EMR Scar Assessment Project for Endoscope (ESCAPE) trial helps determine when biopsy is necessary

Aug. 16, 2019

Wide-field endoscopic mucosal resection (EMR) is an advanced resection technique that has been shown to be an effective and relatively safe approach for the removal of large (> 20 mm), laterally spreading colorectal polyps.

During this procedure, the endoscopist injects a lifting fluid medium submucosally and then resects the lesion with a snare device. As with other endoscopic approaches, EMR has several advantages over surgical management. These advantages include lower morbidity and mortality rates, rapid recovery, preservation of normal gut function, lower costs, and higher patient satisfaction scores.

The most significant limitation associated with EMR is the potential for recurrence of adenoma. Up to 20% of patients will have a recurrence detected at their first surveillance colonoscopy, and 4% will experience the same after 12 months.

To detect the presence of recurrent neoplastic tissue, the current standard of care is to perform surveillance of the site, via biopsy or resection, four to six months after the initial procedure. Optimizing the accuracy of optical diagnosis of recurrent neoplastic tissue requires the use of enhanced imaging techniques.

Researchers from Mayo Clinic's campus in Jacksonville, Florida, and colleagues from universities throughout the United States and in Europe and Australia recently conducted the EMR Scar Assessment Project for Endoscope (ESCAPE) trial. This large study prospectively analyzed the efficacy of various endoscopic modalities in the diagnosis of recurrent neoplasia after EMR. The results of that trial were published in Gut in 2019.

Study methods and design

The research team conducted a prospective study of 230 patients undergoing colonoscopy after EMR of large (≥ 20 mm) colorectal neoplasia. Endoscopists predicted recurrence and confidence level with four imaging modes: high-definition white light (WL) and narrow band imaging (NBI) with and without near focus. A group of 26 experienced endoscopists assessed offline images separately.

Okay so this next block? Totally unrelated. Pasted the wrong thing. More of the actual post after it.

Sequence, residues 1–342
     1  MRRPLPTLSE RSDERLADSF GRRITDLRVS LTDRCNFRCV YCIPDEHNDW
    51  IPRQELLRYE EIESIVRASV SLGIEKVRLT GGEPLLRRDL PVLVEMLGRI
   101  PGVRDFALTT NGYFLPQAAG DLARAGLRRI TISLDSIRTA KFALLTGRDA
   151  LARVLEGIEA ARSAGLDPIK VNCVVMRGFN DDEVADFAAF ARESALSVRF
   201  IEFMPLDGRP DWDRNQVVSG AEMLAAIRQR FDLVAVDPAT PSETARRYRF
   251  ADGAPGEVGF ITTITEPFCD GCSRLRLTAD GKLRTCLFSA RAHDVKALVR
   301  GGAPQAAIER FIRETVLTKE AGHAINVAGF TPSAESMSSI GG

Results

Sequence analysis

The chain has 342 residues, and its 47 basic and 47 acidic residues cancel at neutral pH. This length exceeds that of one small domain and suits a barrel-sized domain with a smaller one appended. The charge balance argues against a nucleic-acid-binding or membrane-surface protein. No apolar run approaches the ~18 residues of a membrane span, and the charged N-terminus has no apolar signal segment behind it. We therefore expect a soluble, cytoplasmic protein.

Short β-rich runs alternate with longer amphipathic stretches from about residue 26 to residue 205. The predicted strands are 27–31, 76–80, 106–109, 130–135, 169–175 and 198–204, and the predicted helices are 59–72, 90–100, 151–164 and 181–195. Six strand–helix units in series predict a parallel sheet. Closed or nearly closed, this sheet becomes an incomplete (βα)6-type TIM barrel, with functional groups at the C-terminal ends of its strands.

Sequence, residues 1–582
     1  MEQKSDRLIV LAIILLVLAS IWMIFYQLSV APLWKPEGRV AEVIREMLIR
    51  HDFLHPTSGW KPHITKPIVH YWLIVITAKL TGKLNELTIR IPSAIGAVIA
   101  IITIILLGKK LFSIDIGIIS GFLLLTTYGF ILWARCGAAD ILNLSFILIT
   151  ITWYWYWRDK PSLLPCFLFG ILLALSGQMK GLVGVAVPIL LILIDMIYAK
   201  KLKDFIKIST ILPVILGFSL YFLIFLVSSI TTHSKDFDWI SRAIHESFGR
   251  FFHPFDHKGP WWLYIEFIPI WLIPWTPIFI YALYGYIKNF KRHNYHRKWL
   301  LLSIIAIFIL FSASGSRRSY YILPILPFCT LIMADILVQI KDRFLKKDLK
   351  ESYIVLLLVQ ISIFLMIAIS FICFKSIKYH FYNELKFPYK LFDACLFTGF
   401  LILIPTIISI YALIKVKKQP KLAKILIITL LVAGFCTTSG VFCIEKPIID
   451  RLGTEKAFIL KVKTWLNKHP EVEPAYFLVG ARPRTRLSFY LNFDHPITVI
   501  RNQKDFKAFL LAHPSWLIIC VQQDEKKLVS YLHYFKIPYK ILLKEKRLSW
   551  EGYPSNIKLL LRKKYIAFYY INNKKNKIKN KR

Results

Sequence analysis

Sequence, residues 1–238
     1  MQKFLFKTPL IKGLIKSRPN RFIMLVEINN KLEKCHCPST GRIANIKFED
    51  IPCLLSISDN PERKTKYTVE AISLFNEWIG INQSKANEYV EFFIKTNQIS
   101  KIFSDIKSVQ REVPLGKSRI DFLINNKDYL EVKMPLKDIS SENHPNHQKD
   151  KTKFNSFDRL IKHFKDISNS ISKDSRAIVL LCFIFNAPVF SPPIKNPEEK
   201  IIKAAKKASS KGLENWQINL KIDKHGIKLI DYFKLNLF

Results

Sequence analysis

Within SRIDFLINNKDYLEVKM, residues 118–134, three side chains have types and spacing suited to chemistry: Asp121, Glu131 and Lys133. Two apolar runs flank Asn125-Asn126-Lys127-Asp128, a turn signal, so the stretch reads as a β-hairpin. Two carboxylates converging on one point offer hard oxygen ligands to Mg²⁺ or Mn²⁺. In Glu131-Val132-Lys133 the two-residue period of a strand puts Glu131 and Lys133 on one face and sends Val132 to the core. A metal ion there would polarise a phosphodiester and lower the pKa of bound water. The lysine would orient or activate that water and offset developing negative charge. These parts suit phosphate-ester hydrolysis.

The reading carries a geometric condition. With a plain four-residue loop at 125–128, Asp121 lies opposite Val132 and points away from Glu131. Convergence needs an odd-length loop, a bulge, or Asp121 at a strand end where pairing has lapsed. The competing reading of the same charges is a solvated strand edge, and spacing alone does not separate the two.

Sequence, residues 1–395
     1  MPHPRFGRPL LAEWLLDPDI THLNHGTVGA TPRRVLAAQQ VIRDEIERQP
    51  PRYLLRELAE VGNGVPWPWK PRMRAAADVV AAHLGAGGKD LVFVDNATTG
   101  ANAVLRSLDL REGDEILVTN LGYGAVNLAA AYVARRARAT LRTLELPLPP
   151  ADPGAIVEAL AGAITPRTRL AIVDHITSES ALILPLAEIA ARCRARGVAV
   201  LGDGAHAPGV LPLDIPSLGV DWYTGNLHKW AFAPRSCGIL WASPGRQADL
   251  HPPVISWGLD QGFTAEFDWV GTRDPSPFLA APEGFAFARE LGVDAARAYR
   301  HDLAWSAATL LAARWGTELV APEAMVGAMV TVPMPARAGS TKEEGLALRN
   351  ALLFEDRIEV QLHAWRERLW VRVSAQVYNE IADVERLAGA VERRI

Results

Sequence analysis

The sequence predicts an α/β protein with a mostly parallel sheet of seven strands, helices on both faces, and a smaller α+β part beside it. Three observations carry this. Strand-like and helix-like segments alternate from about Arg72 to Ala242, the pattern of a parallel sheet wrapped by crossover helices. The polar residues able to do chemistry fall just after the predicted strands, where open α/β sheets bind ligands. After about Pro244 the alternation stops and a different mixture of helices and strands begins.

The study included results obtained from 230 patients with 255 EMR scars. Within that group, the prevalence of recurrent adenoma was 24%. Diagnostic values were high for all diagnostic modalities, with negative predictive value ≥ 97%, positive predictive value ≥ 81%, sensitivity ≥ 90%, specificity ≥ 93% and accuracy ≥ 93%.

Relevant findings include the following:

  • In high-confidence cases, combined use of NBI with near focus had a negative predictive value of 100%, with 95% confidence interval (CI), 98% to 100%; and sensitivity of 100%, with 95% CI, 93% to 100%.
  • Use of clips at initial EMR increased diagnostic inaccuracy, with an adjusted odds ratio = 1.68; 95% CI, 1.01 to 2.75.
  • In offline assessment, specificity was high for all imaging modes: mean ≥ 93%, range 55% to 100%.
  • Sensitivity was significantly higher for NBI with near focus: mean, 82% (range 72% to 93%), when compared with WL: 69% (38% to 86%), p < 0.001; WL with near focus: 68% (55% to 83%), p < 0.001; and NBI: 71% (59% to 90%), p < 0.001.